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Harry Belafonte, at 85, is as active and activist as ever. At the Locarno Film Festival, despite walking with a stick, he couldn’t be kept from introducing the films the festival screened in his honor, especially Otto Preminger’s Carmen Jones, which he said “put me most on the map of the world.” Belafonte at one point called himself “the greatest actor in the world who always pretended to be a singer.“
The festival’s career honor is only his second-ever acting award, so Belafonte said he regarded it as a sign of “global recognition” of his political activism, which was evident as he used the occasion to take a stand against unbridled capitalism and talk about his new film projects, one of them about the Arab Spring.
The Hollywood Reporter talked with Belafonte about his activism, his views on U.S. presidential candidate Mitt Romney and what he sees as this age’s biggest enemy.
The Hollywood Reporter: Your acting career is less known than your singing career. What does an Honor Award from a film festival mean to you?
Harry Belafonte: Such awards, coming from culture and societies where I do not linger, are a validation that there was a global receptivity to the fact that I have taken a stand against war, taken a stand against racism, sexism and so on, throughout the years. While at home some people would want to crucify me because of my political position, I am also being honored for what I do, and that validation is extremely important.
THR: Has the world changed for activists like you?
Belafonte: Definitely. Back then, the enemies were very clear, very precise. It is easy to fight oppression if it comes in [the form of] a swastika and a boot, and as a dictator, and you can see it and feel it and touch it. It is easy when there is a sign that says “No N—–s“ or “No Jews.“ Where it becomes the most insidious is when it buries itself and you can no longer touch it but can taste that yet it is there, fully blown, doing insane mischief. That is why I think the period now is the most challenging I’ve ever lived in. The power in many societies has become almost absolute. Those who have the power in the free-enterprise system start to crush societies and create wars that are unholy. What we did during the Bush period, what we still continue to do, even with Barack Obama, is the continuency of not changing the paradigm, of not changing the view. We still have laws that encourage torture; we did not change Guantanamo; we have laws that allow the police to arrest you at any time, not having to tell you why, and take you wherever they want. This kind of capitalism is taking us to the doorstep of [a] Fourth Reich, I think.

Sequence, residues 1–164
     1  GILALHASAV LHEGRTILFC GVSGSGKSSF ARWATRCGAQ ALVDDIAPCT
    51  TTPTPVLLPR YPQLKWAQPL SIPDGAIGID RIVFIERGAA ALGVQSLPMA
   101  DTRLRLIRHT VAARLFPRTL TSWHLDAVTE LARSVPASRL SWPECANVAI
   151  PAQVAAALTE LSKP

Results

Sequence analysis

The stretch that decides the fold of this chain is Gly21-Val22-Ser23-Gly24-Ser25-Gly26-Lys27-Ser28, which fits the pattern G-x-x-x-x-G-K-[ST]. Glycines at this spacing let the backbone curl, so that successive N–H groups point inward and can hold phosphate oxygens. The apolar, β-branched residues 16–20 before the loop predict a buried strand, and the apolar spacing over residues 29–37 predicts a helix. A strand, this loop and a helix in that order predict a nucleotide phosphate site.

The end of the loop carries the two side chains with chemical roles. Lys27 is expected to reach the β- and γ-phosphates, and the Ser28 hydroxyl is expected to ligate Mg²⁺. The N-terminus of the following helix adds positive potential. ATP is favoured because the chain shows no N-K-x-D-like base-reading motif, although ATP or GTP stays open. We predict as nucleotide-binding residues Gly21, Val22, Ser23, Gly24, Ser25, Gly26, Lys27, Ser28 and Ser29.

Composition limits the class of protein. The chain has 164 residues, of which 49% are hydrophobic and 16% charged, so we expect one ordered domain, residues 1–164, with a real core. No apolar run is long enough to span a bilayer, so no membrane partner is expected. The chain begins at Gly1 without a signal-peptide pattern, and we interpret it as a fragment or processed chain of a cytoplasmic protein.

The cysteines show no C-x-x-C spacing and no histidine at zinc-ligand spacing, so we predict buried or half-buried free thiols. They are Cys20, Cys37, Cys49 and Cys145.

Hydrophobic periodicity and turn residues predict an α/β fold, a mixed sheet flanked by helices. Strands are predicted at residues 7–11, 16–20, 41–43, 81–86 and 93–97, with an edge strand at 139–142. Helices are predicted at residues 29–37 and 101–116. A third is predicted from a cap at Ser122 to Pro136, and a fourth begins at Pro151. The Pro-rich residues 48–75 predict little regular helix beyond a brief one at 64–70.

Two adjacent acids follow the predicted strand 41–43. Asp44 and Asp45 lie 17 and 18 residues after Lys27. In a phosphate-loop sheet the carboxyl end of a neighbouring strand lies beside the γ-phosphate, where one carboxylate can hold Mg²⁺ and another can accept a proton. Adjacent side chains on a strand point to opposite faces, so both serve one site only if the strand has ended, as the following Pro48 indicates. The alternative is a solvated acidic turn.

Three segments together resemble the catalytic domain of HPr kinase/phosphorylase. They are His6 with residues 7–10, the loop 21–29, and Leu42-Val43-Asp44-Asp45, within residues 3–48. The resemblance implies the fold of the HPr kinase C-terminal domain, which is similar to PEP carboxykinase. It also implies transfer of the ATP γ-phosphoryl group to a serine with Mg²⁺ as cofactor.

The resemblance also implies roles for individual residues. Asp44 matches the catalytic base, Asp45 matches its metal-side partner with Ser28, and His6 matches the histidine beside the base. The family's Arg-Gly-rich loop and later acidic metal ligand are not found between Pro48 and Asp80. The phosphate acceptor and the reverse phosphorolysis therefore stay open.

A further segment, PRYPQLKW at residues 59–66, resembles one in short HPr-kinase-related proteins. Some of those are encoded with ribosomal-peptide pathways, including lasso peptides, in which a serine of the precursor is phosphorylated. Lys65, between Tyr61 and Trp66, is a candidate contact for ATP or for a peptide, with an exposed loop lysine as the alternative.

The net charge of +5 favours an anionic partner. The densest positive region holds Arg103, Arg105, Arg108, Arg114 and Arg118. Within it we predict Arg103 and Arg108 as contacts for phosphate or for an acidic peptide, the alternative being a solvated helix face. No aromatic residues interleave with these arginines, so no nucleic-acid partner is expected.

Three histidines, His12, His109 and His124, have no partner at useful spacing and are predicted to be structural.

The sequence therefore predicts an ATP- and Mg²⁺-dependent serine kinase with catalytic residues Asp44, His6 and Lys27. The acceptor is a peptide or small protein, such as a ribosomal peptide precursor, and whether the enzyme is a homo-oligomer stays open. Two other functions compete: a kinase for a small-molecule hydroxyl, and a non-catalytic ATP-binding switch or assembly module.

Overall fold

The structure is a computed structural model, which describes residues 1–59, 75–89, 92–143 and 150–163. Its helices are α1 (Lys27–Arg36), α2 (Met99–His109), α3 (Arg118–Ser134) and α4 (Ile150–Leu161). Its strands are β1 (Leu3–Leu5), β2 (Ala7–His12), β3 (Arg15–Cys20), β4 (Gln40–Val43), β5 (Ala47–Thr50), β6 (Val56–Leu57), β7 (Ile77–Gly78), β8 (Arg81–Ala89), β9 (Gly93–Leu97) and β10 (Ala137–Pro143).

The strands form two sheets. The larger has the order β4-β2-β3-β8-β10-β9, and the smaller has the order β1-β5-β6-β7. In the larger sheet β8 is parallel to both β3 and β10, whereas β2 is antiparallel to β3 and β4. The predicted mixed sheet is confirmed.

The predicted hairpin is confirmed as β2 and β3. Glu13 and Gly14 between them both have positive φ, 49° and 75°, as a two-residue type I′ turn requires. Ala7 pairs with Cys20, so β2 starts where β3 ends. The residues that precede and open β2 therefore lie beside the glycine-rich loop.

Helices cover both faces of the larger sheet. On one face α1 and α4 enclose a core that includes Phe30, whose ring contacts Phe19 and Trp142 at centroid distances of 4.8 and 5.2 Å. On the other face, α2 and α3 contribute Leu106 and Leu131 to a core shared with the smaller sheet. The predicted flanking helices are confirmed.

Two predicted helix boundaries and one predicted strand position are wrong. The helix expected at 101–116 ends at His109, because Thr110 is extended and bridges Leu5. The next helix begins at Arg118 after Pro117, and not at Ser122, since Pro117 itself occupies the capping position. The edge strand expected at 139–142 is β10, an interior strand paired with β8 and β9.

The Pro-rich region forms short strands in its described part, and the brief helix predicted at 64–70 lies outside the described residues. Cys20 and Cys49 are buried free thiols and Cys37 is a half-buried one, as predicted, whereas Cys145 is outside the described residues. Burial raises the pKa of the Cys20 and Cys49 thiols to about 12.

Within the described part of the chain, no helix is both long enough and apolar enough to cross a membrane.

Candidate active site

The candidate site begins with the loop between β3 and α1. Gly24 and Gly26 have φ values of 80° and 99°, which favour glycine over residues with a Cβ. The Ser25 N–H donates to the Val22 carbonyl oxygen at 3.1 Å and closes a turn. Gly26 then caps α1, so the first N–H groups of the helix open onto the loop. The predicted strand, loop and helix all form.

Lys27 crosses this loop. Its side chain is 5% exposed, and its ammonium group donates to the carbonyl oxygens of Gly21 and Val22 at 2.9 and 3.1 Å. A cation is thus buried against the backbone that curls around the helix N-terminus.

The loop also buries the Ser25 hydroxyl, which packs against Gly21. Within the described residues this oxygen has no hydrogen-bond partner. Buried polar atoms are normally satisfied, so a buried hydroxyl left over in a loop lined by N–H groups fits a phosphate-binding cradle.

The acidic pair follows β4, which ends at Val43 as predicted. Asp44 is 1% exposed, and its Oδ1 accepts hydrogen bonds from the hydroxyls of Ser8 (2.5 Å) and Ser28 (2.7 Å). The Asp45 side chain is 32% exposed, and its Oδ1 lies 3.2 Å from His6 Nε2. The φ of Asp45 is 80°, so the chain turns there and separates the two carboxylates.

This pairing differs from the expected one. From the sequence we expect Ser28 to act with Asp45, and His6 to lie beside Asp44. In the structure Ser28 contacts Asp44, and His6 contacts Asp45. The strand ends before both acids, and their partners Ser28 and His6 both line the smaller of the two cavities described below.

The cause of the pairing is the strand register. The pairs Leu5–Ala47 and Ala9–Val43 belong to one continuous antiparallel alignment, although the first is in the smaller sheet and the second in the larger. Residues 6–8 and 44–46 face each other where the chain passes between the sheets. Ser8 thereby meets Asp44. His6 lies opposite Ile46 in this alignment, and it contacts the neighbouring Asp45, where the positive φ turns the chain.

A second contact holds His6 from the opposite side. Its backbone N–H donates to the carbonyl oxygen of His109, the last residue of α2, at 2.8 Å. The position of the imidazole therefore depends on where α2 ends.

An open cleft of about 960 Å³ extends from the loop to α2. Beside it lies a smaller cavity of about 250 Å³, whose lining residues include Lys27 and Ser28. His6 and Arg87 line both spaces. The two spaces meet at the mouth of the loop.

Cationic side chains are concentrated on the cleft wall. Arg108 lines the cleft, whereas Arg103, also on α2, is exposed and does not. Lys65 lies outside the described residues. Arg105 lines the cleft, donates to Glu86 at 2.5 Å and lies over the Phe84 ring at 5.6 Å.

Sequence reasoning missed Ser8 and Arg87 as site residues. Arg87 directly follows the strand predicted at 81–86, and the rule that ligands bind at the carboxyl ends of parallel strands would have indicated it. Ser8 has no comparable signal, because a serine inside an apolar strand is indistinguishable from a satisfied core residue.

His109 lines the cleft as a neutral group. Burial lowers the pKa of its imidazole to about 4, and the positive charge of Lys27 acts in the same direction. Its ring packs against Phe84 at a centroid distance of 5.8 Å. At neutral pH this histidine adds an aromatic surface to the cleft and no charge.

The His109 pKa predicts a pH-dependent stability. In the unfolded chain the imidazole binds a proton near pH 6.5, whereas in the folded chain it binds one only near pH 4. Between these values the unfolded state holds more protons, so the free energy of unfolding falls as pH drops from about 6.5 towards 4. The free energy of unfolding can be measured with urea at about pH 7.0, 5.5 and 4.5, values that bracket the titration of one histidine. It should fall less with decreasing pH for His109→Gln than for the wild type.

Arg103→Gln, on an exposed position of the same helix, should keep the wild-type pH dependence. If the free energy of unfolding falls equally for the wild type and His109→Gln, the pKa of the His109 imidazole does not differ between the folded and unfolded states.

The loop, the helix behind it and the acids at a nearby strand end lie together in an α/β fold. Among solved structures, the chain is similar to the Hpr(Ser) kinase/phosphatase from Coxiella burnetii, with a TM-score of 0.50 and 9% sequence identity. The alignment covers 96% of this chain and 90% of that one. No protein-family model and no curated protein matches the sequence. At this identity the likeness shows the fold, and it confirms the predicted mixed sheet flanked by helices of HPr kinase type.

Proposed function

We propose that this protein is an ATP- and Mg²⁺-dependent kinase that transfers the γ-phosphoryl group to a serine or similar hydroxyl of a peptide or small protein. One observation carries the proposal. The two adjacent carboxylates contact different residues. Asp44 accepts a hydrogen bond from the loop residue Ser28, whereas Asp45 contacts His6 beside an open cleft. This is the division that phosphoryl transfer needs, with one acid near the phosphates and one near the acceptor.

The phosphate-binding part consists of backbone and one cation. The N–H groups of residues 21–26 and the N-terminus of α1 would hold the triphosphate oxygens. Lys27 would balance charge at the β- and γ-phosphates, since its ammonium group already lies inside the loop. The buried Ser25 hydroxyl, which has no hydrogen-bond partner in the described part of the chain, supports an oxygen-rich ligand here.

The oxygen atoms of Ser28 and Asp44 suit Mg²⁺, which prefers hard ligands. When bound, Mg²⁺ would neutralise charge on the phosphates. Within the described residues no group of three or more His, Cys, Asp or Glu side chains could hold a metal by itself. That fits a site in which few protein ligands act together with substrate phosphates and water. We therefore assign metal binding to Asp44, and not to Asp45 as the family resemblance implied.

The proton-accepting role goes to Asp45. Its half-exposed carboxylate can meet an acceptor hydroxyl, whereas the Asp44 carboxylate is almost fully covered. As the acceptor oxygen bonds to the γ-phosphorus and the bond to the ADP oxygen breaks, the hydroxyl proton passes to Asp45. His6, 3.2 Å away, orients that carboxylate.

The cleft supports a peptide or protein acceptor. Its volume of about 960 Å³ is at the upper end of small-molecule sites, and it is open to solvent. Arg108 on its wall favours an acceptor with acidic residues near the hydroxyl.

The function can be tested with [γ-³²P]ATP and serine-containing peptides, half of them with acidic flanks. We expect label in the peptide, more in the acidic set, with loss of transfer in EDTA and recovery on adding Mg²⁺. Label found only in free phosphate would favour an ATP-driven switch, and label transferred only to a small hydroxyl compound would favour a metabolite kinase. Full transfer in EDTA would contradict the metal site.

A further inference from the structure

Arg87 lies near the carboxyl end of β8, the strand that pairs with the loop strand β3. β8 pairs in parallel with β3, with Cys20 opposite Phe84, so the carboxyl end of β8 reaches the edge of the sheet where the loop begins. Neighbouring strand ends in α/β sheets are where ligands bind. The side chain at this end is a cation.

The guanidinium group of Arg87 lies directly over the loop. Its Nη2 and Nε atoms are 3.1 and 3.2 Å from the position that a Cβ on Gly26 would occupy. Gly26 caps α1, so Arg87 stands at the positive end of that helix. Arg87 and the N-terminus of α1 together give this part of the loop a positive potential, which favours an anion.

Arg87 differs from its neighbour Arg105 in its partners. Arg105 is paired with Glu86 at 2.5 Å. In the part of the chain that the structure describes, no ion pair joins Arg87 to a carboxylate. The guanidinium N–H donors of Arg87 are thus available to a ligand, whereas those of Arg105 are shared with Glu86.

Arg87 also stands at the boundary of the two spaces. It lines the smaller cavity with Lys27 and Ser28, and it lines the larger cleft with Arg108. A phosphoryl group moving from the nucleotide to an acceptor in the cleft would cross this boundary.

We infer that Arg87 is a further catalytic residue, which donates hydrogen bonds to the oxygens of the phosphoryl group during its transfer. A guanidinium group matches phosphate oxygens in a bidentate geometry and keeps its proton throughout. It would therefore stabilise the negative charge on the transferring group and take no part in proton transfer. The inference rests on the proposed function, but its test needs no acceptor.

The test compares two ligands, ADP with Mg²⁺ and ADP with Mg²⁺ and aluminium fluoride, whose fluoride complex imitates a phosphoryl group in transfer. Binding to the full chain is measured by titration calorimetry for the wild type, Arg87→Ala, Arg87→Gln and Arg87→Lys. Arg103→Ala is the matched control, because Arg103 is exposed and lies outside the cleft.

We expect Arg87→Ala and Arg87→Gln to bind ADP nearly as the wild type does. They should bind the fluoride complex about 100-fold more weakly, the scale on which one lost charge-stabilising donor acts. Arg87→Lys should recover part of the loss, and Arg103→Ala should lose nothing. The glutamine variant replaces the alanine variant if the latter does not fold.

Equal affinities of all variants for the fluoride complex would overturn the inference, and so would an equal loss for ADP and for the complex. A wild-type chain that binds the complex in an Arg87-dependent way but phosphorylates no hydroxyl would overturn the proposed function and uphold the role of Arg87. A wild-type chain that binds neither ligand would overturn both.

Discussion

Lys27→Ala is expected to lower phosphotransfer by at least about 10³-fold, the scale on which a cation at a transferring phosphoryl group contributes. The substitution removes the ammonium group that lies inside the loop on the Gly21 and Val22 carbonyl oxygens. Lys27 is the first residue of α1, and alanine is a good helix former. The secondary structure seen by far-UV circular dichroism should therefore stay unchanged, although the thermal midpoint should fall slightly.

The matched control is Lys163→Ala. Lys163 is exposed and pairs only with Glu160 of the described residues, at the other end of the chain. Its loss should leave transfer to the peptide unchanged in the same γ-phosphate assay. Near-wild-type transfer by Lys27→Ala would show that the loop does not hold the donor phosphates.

THR: Would you want Mitt Romney to become the next U.S. president?
Belafonte: Only if I would like to see the end of civilization. No, absolutely not. Mitt Romney is not my cup of tea at all.
THR: Can you pin down what the enemy is nowadays?
Belafonte: Unbridled capitalism. The concentration of money in the hands of a very small group is the most dangerous thing that has ever happened to civilization. We are facing an oligarchy of force. Just look at who controls the press. We all witnessed how money and power squeezed out all essense of Rupert Murdoch and [Silvio] Berlusconi. Thank God for social media, which aids transparency. But even that becomes more and more restricted now, with companies like Facebook buying up all the roots of this technology. But I am currently involved with two documentaries, one Leadbelly: Legend, Life, Legacy and the other Another Night in the Free World, which I am shooting now for about five months. It is globally looking at the youth movement during the the Arab Spring, looking at what happened in Cairo and Tunisia and now in Syria.
THR: Back to the occasion of the award for your acting career. Are you happy with the image of members of minorities in Hollywood today?
Belafonte: Not at all. They have not told the history of our people, nothing of who we are. We are still looking. We are not determinated. We are not driven by some technology that says you can kill Afghans, the Iraqis or the Spanish. It is all — excuse my French — shit. It is sad. And I think one of the great abuses of this modern time is that we should have had such high-profile artists, powerful celebrities. But they have turned their back on social responsibility. That goes for Jay-Z and Beyonce, for example. Give me Bruce Springsteen, and now you’re talking. I really think he is black.
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